#886 – Lost Ruins of Arnak [Mini]

Base price: $60.
1 – 4 players.
Play time: 1 – 2 hours.
BGG | Board Game Atlas
Buy on Amazon (via What’s Eric Playing?)
Logged plays: 6 

Full disclosure: A review copy of Lost Ruins of Arnak was provided by Czech Games Edition.

Hey, look at that; back with another heavier game. Why? No reason. I just play them sometimes, and I figured, why not write about it? Is that kind of the motivation behind board game reviewing more broadly? Yes. You’re getting it. That’s the whole thing. But yes, Lost Ruins of Arnak has been on my radar for a while, and I’ve been excited to crack into it with y’all. So let’s get right to it!

In Lost Ruins of Arnak, you’ve discovered an uninhabited island in uncharted waters. Convenient. But it’s what’s on that island that excites you. A legendary (and since-gone) civilization has ruins that span the entire island. You can explore them and discover what lies beneath, but unfortunately, you’re not alone. Guardians emerge to protect these ruins, and despite the very-clear “Do Not Enter. Ever.” vibes that gives off, you and your team are charging ahead. Arnak itself is a combination of a few different things: resource management, deckbuilding, and worker placement. You’ll start with some Fear Cards, Funding Cards, and Exploration Cards, and use them to place your archaeologists on sites to gain new resources that you can exchange for improved tools, powerful artifacts, or additional research to help gain Assistants with their own abilities (or more resources; it’s that kind of game). Your opponent has their eyes on the same thing as you, so there may be some tension as sites can only support one archaeologist at a time, and discovering a new one pits you against a Guardian! Thankfully, there’s a lot to explore, a lot to collect, and a lot to learn. Will you be able to uncover the mysteries of the Lost Ruins of Arnak?


Player Count Differences

I actually like Arnak a lot as a two-player game, but that’s a personal preference. I’ve talked to some folks who wish that it were five-player, and I get that, since every player would then get a chance to be the start player for a round evenly (rather than the kind-of-uneven dispensation that currently exists). That said, I’m not really a high-chaos player, so having games with less chaos generally suits me. As a result, I tend to prefer this with fewer players. On one hand, you’re more likely to get blocked (there are no alternate places for you to go, on the board; each site can only accommodate one player), but on the other, you don’t have to wait for more than one other person to finish the round when you pass. There’s trade-offs, but they generally trend towards me preferring a lower player count for this one. I’ve played Arnak at three and enjoyed it, but given my low-chaos preferences, I like having fewer places mess with the markets so I can focus.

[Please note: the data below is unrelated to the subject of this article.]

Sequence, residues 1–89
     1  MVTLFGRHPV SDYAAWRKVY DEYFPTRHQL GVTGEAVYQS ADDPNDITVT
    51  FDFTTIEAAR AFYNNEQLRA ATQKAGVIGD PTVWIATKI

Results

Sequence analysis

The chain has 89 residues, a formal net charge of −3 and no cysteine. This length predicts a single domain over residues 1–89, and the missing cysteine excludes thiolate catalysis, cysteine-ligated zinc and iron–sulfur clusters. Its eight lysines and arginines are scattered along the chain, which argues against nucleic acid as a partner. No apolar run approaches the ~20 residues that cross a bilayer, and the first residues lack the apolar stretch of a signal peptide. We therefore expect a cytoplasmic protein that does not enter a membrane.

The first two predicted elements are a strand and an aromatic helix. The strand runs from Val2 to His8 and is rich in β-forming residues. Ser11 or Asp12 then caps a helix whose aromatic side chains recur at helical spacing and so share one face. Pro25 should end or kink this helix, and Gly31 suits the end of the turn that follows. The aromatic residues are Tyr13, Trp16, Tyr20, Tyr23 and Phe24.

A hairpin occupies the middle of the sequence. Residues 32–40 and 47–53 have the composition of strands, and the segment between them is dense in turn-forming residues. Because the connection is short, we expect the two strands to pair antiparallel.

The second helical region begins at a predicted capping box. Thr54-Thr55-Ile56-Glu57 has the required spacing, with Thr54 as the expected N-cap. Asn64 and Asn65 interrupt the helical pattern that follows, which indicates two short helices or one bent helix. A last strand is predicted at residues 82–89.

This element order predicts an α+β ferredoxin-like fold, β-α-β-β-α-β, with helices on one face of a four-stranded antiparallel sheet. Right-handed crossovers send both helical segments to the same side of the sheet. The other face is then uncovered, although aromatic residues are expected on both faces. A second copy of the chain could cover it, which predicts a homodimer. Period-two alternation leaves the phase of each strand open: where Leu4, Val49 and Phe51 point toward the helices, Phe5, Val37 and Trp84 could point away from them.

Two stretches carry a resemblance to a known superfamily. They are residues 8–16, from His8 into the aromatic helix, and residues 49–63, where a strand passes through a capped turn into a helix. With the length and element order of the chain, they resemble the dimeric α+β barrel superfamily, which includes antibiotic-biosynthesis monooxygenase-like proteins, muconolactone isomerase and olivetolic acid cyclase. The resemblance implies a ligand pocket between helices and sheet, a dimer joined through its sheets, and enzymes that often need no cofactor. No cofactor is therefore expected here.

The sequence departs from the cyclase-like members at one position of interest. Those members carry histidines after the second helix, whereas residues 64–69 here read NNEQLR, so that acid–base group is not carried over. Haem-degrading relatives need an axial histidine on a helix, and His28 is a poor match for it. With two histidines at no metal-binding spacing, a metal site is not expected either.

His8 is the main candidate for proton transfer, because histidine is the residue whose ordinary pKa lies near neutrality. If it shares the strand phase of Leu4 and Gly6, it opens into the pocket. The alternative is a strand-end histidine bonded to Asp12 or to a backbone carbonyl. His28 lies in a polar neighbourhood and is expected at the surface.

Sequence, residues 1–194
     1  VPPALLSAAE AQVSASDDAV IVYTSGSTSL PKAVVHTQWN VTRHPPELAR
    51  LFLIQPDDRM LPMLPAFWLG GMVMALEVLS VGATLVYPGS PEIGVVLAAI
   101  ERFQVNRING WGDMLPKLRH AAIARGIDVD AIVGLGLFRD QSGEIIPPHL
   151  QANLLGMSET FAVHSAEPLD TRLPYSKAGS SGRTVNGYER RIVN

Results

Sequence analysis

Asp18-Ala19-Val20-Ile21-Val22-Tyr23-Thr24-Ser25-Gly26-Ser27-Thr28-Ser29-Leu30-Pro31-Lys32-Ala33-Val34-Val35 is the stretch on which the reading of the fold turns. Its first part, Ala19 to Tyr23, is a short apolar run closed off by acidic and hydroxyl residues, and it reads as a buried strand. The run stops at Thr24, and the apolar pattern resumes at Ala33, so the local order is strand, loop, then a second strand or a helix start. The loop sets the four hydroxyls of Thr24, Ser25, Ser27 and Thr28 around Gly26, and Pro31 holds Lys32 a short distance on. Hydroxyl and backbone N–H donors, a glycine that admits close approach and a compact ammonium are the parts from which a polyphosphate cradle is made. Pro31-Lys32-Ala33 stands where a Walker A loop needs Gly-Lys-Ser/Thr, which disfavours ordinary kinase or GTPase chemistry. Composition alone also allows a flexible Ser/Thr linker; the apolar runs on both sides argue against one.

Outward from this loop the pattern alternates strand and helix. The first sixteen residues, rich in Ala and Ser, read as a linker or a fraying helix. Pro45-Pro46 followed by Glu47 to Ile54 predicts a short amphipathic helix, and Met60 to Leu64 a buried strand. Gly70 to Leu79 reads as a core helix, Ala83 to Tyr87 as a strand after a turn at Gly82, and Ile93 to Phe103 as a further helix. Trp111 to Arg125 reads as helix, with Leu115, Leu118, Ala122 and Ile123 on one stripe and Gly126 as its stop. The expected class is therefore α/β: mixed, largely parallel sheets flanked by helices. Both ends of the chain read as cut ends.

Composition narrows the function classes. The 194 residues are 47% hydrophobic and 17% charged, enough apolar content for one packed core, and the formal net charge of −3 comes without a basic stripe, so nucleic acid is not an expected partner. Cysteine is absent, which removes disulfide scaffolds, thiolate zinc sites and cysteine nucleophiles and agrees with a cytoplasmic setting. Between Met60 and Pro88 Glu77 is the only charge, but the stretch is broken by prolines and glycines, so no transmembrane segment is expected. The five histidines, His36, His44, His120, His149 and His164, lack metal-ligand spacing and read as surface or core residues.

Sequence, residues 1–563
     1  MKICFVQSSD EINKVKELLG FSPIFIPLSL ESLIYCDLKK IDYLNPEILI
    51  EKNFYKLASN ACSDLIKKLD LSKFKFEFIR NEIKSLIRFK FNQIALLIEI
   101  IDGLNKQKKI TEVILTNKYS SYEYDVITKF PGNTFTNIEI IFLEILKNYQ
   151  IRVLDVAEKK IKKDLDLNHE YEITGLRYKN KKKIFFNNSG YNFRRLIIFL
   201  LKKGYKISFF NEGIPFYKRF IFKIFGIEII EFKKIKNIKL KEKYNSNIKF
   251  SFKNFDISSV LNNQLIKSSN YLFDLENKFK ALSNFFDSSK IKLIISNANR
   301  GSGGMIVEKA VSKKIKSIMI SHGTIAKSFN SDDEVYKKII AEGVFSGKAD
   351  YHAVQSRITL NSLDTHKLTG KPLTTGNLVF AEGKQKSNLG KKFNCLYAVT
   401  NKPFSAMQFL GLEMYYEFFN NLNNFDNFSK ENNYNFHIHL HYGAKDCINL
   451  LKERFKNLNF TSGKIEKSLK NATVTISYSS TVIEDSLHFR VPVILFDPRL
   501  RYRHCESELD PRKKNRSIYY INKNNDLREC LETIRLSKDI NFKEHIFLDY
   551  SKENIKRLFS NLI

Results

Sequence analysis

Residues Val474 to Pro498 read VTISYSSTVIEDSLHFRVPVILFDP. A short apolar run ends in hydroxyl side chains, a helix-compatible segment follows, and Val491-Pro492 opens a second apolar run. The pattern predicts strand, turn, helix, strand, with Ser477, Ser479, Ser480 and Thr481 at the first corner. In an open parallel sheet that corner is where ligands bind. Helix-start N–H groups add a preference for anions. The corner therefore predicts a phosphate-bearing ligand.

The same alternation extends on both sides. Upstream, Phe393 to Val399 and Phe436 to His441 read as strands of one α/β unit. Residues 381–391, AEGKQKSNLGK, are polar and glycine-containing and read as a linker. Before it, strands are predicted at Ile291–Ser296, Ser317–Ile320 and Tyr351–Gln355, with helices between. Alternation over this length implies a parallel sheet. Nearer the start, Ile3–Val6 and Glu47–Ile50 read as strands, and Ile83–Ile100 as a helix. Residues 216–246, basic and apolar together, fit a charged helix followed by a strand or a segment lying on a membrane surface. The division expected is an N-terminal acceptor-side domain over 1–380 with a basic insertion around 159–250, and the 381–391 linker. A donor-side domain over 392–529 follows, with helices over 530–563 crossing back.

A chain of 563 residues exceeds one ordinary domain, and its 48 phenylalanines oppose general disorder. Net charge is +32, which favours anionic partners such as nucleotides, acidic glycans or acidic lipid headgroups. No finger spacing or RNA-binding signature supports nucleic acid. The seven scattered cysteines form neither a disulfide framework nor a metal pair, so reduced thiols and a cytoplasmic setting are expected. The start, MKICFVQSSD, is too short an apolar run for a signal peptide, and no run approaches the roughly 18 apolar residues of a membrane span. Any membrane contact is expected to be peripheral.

As I’ll mention elsewhere, I’m much more of a deckbuilder than a worker placement person, so my strategy is usually focused on building the best possible deck, rather than how to most effectively place your workers. Just a fun fact.

  • I mean, the earlier you get Assistants, the more frequently you can use them. You get at least one use out of an Assistant each round, so, ideally, you’d get your first Assistant in the second round so that you get four rounds of utility from them (assuming you don’t upgrade them, which you absolutely should try to). They’re essentially free resources with no consequences, and, in all fairness, advancing on the Research Track is pretty explicitly a good idea anyways, so you should be doing that even if you weren’t getting fringe benefits.
  • Try to clear Fear out of your deck. It’s somewhat useful for, say, the early Explorations, but it’s worth negative points and it’s just junk, otherwise. There are certain cards that are useful if you’re Exiling Fear (trashing it from your deck / removing it from the game), so keep an eye on those, but more generally, you don’t want to have a lot of Fear in there. It’s not a great card. As you start getting increasingly useful cards in your deck, you should focus on how to make sure you’re playing those as often as possible, not having to deal with a round where you drew both of your Fear cards and now can’t make any progress.
  • Try to develop a consistent way to explore locations, be it through your immense wealth, your useful Assistants, or your helpful cards. Sites in Arnak require a certain number of travel icons to be spent, and those can be found on a variety of places. You can basically go anywhere with four coins, and two coins are a Plane (effectively a wild travel icon), so there are many ways to get places. Having cards you can easily discard is nice, but ultimately, you want to rely on Assistants or coins to travel so that you can keep useful cards in your hand to be played later. This is one of the main ways you get additional actions during a round; think more about using all the cards in your hand your their abilities, rather than for their travel icons.
  • I find the Pack Donkey to almost always be a useful card, since it’s a free draw. There’s a reason Yu-Gi-Oh has banned Pot of Greed; Pack Donkey functions similarly. When you think about cards in deckbuilding, generally, cards that give you additional cards are sifters, or cards that let you draw X cards but make you discard a number of cards (usually X or close to X). This allows you to sift through your deck, drawing cards and then getting rid of the less useful ones. If your entire deck is useful, however, this is a bummer. Pack Donkey lets you just draw two cards for free, meaning that it is, effectively, a free extra card in your hand at all times (though it costs an action to use, so keep an eye on the opportunity cost of spending a turn playing it). That’s very good, so, I tend to try to get it in my deck whenever I can. Naturally, Pack Donkey, like most Tools, progressively loses utility as the game goes on, but an early-game Pack Donkey can be really useful.